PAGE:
Turkey’s central bank is in contact with other central banks regarding new swap agreements as well as strengthening the existing business alliance and closely monitoring the global economic situation to tackle the coronavirus’ negative impact on the Turkish economy, the central bank’s chairman said Sunday.
In an interview with Anadolu Agency (AA), Central Bank of the Republic of Turkey (CBRT) President Murat Uysal said that they recently participated in several international video conferences on reducing the financial system’s stress and securing uninterrupted conduct of international trade.
“At the meetings, it was emphasized that it is particularly important for global central banks and fiscal authorities to take action promptly and continue their cooperation in the current period,” he said, highlighting that the CBRT has long-standing swap agreements with certain countries to support trade in local currencies and now they are in close contact with other central banks “to further strengthen our cooperation and establish new swap agreements.”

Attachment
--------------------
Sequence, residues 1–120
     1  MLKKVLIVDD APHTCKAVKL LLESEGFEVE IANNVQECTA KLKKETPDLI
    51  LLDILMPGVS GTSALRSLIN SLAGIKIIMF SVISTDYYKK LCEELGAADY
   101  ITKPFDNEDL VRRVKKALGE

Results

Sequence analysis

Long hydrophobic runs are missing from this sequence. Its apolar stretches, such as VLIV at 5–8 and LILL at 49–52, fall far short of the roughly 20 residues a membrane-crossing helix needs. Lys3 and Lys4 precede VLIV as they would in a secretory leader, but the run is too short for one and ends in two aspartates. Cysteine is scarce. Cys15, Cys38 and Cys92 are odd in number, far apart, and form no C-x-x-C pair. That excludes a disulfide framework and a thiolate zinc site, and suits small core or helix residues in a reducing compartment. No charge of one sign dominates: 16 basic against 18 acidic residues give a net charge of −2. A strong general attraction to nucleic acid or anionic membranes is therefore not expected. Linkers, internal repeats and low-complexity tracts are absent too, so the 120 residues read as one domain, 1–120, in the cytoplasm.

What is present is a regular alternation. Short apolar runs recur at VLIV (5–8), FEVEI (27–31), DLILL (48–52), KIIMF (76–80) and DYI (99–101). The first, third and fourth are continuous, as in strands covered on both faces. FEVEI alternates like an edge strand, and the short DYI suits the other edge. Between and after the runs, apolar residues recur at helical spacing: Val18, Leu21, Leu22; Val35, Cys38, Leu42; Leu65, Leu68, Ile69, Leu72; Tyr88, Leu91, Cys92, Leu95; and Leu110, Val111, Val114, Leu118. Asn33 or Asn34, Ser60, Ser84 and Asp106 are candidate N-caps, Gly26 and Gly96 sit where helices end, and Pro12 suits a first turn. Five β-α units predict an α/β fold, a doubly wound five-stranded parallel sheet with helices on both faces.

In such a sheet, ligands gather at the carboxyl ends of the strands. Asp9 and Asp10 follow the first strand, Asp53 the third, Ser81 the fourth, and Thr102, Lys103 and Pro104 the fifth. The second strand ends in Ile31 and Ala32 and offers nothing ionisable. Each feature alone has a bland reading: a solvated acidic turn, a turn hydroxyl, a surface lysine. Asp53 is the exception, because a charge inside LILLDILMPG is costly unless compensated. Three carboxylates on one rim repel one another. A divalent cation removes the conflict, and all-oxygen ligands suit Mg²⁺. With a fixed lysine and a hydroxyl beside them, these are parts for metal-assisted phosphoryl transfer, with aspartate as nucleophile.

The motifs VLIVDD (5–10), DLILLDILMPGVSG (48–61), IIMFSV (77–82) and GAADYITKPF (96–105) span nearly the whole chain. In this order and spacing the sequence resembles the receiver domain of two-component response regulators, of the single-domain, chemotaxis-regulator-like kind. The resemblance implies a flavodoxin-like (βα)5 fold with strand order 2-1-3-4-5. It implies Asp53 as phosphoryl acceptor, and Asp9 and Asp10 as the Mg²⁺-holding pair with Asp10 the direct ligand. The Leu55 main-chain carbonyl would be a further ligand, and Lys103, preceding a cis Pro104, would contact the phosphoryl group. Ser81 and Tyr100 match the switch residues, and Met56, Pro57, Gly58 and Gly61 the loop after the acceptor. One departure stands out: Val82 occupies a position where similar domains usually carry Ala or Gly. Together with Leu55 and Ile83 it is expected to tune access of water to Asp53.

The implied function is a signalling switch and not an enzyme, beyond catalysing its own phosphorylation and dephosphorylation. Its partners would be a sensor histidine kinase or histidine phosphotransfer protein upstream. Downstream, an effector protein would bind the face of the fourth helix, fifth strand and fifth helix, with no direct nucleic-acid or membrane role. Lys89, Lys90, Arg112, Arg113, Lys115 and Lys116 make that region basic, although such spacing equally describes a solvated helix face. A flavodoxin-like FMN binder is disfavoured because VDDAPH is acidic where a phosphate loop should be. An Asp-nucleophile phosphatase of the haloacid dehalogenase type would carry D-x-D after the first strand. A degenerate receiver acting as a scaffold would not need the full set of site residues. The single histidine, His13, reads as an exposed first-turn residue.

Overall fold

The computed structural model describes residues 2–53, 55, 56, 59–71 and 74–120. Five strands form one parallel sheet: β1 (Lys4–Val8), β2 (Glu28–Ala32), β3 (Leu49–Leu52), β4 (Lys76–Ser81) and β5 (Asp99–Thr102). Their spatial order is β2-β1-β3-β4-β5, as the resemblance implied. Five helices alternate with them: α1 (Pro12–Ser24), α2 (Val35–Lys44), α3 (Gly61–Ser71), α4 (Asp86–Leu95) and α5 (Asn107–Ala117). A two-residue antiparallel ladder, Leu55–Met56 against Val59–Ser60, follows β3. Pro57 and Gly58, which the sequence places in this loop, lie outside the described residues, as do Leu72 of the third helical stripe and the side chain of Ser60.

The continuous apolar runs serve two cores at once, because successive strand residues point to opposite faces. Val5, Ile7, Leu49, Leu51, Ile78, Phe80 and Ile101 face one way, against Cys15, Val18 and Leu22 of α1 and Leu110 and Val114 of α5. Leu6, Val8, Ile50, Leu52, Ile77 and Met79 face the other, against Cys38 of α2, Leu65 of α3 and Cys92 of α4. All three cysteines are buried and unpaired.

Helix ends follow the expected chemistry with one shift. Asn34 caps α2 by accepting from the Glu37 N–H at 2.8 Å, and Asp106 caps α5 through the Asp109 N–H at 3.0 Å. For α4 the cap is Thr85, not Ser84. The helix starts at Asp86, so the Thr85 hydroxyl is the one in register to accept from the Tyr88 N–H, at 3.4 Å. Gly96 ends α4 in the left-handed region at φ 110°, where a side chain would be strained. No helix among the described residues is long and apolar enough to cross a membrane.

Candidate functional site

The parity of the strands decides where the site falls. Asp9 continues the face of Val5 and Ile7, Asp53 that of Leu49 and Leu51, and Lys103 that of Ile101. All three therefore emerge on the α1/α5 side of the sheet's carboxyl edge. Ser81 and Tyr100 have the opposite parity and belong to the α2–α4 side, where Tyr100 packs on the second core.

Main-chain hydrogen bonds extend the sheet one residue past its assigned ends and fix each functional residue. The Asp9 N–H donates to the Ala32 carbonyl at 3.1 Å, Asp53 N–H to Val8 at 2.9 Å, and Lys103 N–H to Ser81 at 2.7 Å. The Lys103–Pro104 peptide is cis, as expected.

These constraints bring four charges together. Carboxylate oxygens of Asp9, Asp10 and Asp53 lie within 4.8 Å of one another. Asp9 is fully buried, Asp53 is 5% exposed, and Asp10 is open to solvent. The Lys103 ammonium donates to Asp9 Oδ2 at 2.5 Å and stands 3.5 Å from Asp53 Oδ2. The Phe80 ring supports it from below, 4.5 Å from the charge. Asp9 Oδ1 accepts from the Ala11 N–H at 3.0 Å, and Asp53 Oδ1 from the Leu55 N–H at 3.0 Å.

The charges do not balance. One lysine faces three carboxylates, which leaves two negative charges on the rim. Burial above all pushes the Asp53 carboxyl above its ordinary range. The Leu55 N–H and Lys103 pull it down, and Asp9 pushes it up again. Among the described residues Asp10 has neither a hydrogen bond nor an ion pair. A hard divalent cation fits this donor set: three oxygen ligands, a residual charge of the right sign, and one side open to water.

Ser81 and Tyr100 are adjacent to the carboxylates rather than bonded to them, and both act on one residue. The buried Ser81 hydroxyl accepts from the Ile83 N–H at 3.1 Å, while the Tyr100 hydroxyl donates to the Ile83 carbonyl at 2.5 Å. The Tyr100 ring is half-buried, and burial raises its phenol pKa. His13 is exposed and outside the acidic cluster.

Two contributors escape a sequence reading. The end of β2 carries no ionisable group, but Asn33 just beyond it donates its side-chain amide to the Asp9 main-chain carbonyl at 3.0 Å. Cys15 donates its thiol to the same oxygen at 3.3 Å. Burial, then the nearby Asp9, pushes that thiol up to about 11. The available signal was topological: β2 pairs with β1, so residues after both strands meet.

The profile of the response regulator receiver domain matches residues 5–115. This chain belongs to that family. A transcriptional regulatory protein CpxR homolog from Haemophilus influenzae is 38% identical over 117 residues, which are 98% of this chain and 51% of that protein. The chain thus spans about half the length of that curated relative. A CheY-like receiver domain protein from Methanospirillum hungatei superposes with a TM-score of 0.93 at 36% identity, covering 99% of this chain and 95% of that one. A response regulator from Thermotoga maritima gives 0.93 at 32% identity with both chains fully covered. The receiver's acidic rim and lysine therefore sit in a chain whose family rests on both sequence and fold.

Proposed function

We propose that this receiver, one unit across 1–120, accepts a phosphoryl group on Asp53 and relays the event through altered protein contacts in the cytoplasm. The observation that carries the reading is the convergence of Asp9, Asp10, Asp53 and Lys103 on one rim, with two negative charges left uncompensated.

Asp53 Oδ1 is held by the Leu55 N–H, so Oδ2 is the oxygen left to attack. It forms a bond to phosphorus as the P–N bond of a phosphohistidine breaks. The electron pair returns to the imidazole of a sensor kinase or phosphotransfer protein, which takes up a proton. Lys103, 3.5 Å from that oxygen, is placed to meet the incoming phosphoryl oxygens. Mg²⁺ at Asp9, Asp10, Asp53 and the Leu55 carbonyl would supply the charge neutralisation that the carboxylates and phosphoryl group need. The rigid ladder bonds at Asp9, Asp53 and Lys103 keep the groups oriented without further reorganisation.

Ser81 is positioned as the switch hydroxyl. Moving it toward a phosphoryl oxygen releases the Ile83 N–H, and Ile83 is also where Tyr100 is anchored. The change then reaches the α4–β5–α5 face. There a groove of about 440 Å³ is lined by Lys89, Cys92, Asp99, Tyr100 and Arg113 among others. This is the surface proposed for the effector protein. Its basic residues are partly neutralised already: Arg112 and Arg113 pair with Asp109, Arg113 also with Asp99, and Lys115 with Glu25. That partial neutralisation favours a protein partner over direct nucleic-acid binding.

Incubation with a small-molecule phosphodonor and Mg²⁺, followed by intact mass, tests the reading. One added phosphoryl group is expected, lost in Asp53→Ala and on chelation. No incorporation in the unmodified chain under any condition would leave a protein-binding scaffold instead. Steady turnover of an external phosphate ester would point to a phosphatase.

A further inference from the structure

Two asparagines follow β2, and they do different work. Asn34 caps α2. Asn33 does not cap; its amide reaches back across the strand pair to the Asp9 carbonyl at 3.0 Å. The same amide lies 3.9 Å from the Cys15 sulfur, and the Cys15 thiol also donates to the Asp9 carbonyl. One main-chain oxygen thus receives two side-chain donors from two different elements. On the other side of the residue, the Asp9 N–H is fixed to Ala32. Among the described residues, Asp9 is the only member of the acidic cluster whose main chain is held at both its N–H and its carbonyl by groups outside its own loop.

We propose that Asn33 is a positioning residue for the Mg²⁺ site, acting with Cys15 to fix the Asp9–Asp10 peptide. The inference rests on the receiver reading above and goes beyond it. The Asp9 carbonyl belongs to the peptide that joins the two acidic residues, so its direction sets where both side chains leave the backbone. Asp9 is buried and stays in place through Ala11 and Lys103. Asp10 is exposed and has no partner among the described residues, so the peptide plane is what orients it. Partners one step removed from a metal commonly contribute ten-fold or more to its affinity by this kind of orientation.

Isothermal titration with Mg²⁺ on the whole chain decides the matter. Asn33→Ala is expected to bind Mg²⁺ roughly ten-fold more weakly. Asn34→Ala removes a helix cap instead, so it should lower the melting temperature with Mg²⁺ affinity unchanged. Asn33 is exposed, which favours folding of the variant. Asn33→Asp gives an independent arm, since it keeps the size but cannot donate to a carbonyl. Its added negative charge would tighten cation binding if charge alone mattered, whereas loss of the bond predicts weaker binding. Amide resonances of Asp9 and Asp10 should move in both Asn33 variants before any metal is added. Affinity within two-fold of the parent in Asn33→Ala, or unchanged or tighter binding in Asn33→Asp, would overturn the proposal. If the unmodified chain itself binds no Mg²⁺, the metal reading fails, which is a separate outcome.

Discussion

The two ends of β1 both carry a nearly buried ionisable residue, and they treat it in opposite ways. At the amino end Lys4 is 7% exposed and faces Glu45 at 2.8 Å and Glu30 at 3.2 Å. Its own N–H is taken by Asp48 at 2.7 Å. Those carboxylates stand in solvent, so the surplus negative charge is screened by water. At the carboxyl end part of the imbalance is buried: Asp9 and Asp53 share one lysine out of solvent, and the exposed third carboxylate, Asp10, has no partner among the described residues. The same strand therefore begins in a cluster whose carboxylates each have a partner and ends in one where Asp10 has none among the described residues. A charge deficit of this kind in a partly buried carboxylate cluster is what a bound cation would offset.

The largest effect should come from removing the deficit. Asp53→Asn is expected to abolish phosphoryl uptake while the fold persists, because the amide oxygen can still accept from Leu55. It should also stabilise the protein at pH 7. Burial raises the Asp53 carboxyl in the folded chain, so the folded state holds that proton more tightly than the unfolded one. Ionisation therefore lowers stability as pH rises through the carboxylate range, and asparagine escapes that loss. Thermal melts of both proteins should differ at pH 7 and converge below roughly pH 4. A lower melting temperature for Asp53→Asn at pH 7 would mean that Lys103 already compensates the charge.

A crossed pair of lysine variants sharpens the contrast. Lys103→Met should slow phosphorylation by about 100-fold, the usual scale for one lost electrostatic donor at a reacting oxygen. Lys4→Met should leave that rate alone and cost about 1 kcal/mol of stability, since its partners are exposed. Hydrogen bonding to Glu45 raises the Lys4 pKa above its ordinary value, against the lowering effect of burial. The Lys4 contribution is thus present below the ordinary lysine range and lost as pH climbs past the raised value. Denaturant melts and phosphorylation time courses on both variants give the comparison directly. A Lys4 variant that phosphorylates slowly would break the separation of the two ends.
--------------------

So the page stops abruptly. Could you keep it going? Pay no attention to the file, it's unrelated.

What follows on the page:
Uysal stressed that they are “closely monitoring the impact of the pandemic on both the global and the Turkish economy. To counter its potentially negative impact on the Turkish economy, we introduced a set of measures including a policy rate cut to inject much-needed liquidity into markets and improving the cash flow of firms.”
Uysal explained the aim of the series of measures is to provide banks with flexibility in Turkish lira and foreign exchange liquidity management and thus enhance predictability, along with securing an uninterrupted flow of credit to the hardest-hit corporate sector.
“Our third goal is to support the cash flow of exporting firms through rediscount credits. Lastly, to strengthen the monetary transmission mechanism, we took a number of steps to prop up the Primary Dealership System and the liquidity in the Government Domestic Debt Securities (GDDS) market and to preserve market depth. Due to the COVID19-induced uncertainty and economic agents shifting to liquid assets, we have seen reduced depth for GDDS transactions. As this can cause the monetary policy transmission mechanism to weaken, we decided to boost the liquidity in the GDDS market,” he continued.